OK, maybe I should have just  answered this question by saying I could probably name somewhere between 13 and 20 if I thought about it really hard, and as soon as I submit this I am going  to think of a bunch more and really hate myself.

How many women?

Looks like today I can think of the three: Rhys, Allfrey and Marshall. Jean Rhys was very important to me.

Which writer do you wish you knew more about?

Edgar Mittelholzer.  A really strange mind. He writes gripping novels, full of sex and violence and I haven’t read them all and I wish I could get hold of them. Also, I need to read as much about him as I can. I haven’t done that.

What is the earliest piece of Caribbean writing you have read?

I actually don’t know. Probably an early Jean Rhys? But I feel there is something before that.

Does the Caribbean’s literary past matter to you?

Yes.  We did some really interesting things. When it comes to novels, I am not a very scholarly reader. I read novels because I get to live in other people’s lives for a while and I love that. My profession was teacher, rather than writer, and as teacher I can analyse poetry and plays, but never novels, which are always places I just go and live.

Who are our most important writers today?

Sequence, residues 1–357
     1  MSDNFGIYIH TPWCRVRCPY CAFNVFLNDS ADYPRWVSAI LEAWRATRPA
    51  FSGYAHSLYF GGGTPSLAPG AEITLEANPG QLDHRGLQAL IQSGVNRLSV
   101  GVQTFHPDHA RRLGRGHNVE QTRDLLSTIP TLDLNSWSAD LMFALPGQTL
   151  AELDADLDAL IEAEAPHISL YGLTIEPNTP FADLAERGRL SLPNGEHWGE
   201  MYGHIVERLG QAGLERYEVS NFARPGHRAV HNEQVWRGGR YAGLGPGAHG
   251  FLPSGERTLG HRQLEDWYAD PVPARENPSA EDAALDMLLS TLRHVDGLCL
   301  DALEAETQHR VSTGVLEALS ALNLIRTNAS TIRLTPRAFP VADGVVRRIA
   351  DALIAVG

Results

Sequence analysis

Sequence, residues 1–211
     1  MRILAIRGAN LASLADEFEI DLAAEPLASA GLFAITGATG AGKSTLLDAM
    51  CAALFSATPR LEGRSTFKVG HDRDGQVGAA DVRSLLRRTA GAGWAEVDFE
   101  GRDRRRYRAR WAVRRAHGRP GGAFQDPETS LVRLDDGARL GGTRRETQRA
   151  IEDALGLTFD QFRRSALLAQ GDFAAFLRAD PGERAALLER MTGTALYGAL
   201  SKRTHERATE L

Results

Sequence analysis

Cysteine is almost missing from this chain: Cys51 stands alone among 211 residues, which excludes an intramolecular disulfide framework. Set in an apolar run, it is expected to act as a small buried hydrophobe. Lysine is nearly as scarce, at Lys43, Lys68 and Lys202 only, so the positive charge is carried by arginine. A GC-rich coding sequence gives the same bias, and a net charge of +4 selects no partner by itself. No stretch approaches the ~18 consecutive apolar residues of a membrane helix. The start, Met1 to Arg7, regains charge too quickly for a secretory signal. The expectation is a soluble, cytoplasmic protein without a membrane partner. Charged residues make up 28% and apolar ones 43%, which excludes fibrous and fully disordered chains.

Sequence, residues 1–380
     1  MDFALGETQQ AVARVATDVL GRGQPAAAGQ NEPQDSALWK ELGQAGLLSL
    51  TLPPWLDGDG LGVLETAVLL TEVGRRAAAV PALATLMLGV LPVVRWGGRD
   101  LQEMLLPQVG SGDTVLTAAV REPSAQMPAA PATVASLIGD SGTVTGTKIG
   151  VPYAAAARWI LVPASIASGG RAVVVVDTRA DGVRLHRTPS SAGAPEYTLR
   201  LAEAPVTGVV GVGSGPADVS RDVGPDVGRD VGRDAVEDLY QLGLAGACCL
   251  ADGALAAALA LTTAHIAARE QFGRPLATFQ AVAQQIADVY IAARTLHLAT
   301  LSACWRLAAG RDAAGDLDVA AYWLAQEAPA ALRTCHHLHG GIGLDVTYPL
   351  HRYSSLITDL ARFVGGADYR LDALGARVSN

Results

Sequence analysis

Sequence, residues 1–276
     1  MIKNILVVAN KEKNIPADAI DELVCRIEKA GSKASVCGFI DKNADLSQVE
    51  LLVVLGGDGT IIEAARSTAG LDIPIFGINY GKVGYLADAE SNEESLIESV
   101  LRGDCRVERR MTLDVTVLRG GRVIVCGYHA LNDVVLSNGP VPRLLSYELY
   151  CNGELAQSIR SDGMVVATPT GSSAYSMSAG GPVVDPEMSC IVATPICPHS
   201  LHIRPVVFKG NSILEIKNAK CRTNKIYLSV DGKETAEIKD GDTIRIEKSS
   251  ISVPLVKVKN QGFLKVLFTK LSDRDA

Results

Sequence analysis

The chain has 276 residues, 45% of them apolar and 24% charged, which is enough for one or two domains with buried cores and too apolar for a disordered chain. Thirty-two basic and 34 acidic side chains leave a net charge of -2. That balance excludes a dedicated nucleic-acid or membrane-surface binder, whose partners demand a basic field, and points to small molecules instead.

Whoa. This is an even more dangerous list to make.  There are so many emerging writers that I want to follow, and I feel will be important but I won’t go there right now. Except to say I loved Sharon Millar’s The Whale House and I can’t wait to read more of her. I will stay with the more established for now… There’s Olive Senior, there’s Edwidge Danticat. There’s Lawrence Scott. I love Kei Miller’s work, poetry or prose. I have been a total fan of Marlon James since John Crow’s Devil, and I always have his books pre-ordered. Jacob Ross. I love all of his and am waiting for the most recent one to reach me.

I’m a novel reader, but I will also plug three Lucian poets: Kendel Hippolyte, John Robert Lee and Vladimir Lucien. I also like reading the poetry of Shivanee Ramlochan and Danielle Boodoo-Fortune.

What are you reading now?

I think the last Caribbean book I read was Marlon James’ Black Leopard, Red Wolf, and I am waiting greedily for the second in Jacob Ross’ murder series. Waiting at my bedside is a pile that includes Leone Ross’ Come Let Us Sing Anyway, which I think I am going to enjoy. But the last novel I read wasn’t Caribbean, it was Richard Powers’ The Overstory. I loved it. Novels I can live in are even better when they come with something important and timely to say.